From Wikipedia, the free encyclopedia
Jump to: navigation, search
Museo archeologico di Rosignano Marittimo, ricostruzione della villa di settefinestre a orbetello.JPG
Museo archeologico di Rosignano Marittimo, reconstruction of the villa
Settefinestre is located in Tuscany
Shown within Tuscany
Region Tuscany
Type villa and estate
Founded 1st century B.C.
Periods Roman Republic Roman Empire
Cultures Ancient Rome
Site notes
Excavation dates yes
Archaeologists Andrea Carandini

Villa Settefinestre lies between Capalbio and Orbetello in Tuscany, Italy,[1] and is the site of a late Republican Roman slave-run villa owned by the senatorial family of the Volusii[disambiguation needed], built in the 1st century BC and enlarged in the 1st century AD with a large cryptoportico. The villa was fortified at a later period and the fortress was rebuilt as a villa in the more modern sense in the 15th century. It was excavated during 1976-1981 under the direction of Andrea Carandini and very thoroughly published. Villa Settefinestre itself was rehabilitated in the 1970s as a luxury holiday rental property, with the ruins, open to the public, picturesquely incorporated in the garden plan.[2]

The villa was located in the Ager Cosanus in the vicinity of Cosa, a Latin colonia founded in 273 BC. The area was linked to Rome by the Via Aurelia. Cosa suffered a crisis in the Roman Republican civil wars and became depopulated. In its stead, a group of great villas were assembled in the area, run by slave labor not unlike the latifundia holdings typical of southern Italy. The villa at Settefinestre was not the peristyle villa described by Pliny or to be seen at Herculaneum, filled with sculpture, mosaic floors and fine paintings. Nor was it in any way like the Imperial villas round the Bay of Naples, of course, though the sea is visible from its site. This was Roman agrobusiness: instead of fine mosaics, a wealth of Roman tools have been recovered here (Settefinestre vol. III). "Settefinestre has been taken as an example of how the advice of Roman agricultural writers like Columella and Varro were put into practice. "It is truly remarkable how well this villa, with its extensive repertoire of buildings and forms, instantiates the accounts of the Roman agronomists: the best example of Varro's villa perfecta (I, 194). In detail after detail the advice of Varro and Columella is to be found in practice here" (Purcell, reviewing the published official reports). The commercial product of Roman Villa Settefinestre was wine.[3]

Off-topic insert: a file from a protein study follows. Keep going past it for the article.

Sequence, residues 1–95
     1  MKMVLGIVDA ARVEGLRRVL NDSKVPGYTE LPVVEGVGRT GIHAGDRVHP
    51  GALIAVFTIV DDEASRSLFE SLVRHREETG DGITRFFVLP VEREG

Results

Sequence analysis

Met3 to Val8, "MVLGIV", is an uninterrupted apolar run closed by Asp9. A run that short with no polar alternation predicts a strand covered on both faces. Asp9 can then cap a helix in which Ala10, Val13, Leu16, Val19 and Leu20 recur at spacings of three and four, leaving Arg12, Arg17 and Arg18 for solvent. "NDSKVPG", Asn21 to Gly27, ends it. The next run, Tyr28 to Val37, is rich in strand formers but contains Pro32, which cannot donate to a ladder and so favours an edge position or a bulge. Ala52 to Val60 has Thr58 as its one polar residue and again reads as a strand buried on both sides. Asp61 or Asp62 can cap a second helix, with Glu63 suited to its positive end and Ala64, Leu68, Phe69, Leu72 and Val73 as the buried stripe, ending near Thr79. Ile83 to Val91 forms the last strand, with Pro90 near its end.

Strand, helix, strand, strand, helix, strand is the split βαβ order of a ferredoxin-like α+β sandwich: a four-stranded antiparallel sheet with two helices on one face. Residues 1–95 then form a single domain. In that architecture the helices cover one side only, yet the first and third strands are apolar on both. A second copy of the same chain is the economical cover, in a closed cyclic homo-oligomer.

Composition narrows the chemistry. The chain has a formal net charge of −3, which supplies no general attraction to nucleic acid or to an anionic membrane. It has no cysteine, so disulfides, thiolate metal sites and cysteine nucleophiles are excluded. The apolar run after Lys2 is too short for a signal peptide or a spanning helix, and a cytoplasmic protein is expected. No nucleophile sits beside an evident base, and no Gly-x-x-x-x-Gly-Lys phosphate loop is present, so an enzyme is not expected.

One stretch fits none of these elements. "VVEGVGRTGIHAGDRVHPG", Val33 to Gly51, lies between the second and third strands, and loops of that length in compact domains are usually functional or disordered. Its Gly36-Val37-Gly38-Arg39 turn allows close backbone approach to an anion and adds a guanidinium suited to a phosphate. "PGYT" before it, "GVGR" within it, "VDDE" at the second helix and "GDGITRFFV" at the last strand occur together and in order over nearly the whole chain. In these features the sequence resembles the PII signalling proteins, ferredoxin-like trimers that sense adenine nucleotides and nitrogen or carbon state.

Aside from the villa at Settefinestre, there are remains of comparable contemporary villas at Colonne and Provincia.

The exemplary archaeological excavations at Settefinestre have been taken as a starting point for the new phase of science-supported field archaeology in Italian work that is providing a more detailed study of the occupation history of the Roman countryside and moves beyond the antiquarian tradition of villa-studies.[4]


  • Settefinestre: Una Villa Schiavistica Nell'Etruria Romana edited A. Carandini and A Ricci, (Modena, 1985) : several lavish volumes present the detailed report of the archaeology.
  • Roman Villas in Central Italy: A Social and Economic History. Annalisa Marzano, (Brill, 2007)

External links[edit]


  1. ^ Harris, W., DARMC, R. Talbert, S. Gillies, J. Åhlfeldt, J. Becker, T. Elliott. "Places: 413316 (Settefinestre)". Pleiades. Retrieved December 7, 2014. 
  2. ^ Andrea Carandini; M. Rossella Filippi (1985). Settefinestre: una villa schiavistica nell'Etruria romana. Panini. 
  3. ^ T. W. Potter (July 1990). Roman Italy. University of California Press. pp. 106–. ISBN 978-0-520-06975-6. 
  4. ^ Bryn Mawr Classical Review 2004.04.25 Stephen L. Dyson, The Roman Countryside. London: Duckworth, 2003. Pp. 128. ISBN 0-7156-3225-6. £10.99.

Coordinates: 42°25′50.14″N 11°19′36.32″E / 42.4305944°N 11.3267556°E / 42.4305944; 11.3267556